An interdisciplinary team of researchers from several institutions headed by the University of Chicago and including the University of Louisville has found evidence that cannabidiol (CBD), a product of the cannabis plant, can inhibit infection by SARS-CoV-2 in human cells and in mice.
The study, published Jan. 20 in Science Advances, found CBD showed a significant negative association with SARS-CoV-2 positive tests in a national sample of medical records of patients taking the FDA-approved drug for treating epilepsy. The researchers now say that clinical trials should be done to determine whether CBD could eventually be used as a preventative or early treatment for COVID-19.
They caution, however, that the COVID-blocking effects of CBD come only from a high purity, specially formulated dose taken in specific situations. The study’s findings do not suggest that consuming commercially available products with CBD additives that vary in potency and quality can prevent COVID-19.
Scientists have been looking for new therapies for people infected by the coronavirus and emerging variants, especially those who lack access to vaccines, as the pandemic continues across the country and world and as breakthrough infections become more common.
“The Commonwealth of Kentucky has a robust hemp agriculture, so we were pleased to find that pharmaceutical grade CBD is worth testing in future human clinical studies,” said Kenneth Palmer, study coauthor who headed the UofL research team. “In response to the COVID-19 pandemic, our team developed expertise in SARS-CoV-2 infection models and we welcomed the opportunity to collaborate with the University of Chicago team to confirm the efficacy of CBD treatment against SARS-CoV-2.”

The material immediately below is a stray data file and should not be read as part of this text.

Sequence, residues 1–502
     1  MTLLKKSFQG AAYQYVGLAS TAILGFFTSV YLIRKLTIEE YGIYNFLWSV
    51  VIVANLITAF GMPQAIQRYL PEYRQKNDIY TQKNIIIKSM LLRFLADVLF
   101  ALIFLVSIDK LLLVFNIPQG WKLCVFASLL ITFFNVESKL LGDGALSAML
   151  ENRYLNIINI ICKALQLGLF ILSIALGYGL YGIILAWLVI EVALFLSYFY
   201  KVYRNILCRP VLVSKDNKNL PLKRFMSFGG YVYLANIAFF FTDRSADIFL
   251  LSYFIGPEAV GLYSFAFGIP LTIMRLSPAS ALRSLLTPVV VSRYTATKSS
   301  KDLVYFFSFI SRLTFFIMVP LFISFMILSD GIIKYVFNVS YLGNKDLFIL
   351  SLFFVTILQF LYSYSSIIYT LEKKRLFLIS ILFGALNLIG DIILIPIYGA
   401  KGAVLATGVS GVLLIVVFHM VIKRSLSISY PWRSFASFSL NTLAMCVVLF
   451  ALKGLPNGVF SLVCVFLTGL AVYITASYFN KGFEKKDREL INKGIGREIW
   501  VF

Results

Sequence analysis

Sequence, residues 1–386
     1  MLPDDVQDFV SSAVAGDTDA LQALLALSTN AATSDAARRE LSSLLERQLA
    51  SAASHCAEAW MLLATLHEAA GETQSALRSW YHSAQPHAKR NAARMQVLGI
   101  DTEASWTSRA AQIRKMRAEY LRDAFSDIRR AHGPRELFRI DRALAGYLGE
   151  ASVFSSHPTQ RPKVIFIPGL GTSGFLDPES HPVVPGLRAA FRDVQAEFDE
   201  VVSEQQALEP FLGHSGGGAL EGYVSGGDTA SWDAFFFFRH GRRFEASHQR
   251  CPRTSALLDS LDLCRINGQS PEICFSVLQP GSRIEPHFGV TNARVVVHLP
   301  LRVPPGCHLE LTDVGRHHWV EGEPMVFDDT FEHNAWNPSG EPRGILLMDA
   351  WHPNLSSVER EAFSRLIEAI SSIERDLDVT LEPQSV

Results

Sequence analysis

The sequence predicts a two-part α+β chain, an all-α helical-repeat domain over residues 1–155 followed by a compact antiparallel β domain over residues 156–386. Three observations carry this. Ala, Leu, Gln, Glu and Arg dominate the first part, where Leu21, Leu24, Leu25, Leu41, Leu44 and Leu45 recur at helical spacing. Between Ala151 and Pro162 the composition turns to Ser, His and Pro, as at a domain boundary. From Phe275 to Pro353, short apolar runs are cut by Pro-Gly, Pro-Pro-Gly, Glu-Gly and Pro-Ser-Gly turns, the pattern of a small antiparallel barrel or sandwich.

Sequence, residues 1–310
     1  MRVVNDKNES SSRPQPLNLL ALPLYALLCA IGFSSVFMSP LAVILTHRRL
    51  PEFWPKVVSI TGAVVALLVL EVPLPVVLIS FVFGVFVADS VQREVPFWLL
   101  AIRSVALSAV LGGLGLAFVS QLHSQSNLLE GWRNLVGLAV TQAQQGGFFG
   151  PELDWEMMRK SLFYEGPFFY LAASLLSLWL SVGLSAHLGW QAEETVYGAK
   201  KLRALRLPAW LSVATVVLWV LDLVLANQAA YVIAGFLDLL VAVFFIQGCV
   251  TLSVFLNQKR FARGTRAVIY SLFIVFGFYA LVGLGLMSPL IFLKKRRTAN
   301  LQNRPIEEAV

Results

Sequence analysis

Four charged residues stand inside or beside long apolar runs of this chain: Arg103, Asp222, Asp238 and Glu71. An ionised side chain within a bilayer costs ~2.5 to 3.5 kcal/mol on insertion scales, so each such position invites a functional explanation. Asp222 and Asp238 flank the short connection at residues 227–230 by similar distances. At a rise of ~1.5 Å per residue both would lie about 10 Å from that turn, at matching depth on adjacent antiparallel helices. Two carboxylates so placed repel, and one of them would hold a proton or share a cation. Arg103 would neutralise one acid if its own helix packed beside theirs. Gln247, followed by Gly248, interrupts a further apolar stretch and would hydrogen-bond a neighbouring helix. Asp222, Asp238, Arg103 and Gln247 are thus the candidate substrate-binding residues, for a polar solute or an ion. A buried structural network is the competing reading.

Palmer is director of the Center for Predictive Medicine for Biodefense and Emerging Infectious Diseases and the Leona M. and Harry B. Helmsley Charitable Trust Endowed Chair in Plant-based Pharmaceutical Research at UofL. The center houses the Regional Biocontainment Laboratory, one of only 12 regional and two national biocontainment labs in the United States and the only one in Kentucky. Established with support from the NIH to conduct research with infectious agents, the lab includes Biosafety Level 3 facilities built to the most exacting federal safety and security standards.
Researchers from the University of Louisville co-authoring the study with Palmer are Divayasha Saxena, Jon D. Gabbard, Jennifer K. Demarco, William E. Severson and Charles D. Anderson. The research was directed by the University of Chicago and other scientists involved are from the National Argonne Laboratory, the University of Illinois at Chicago and the National COVID Cohort Collaborative Consortium.
For more detail on how medical-grade CBD shows promise as a treatment for COVID-19, check out the full story here.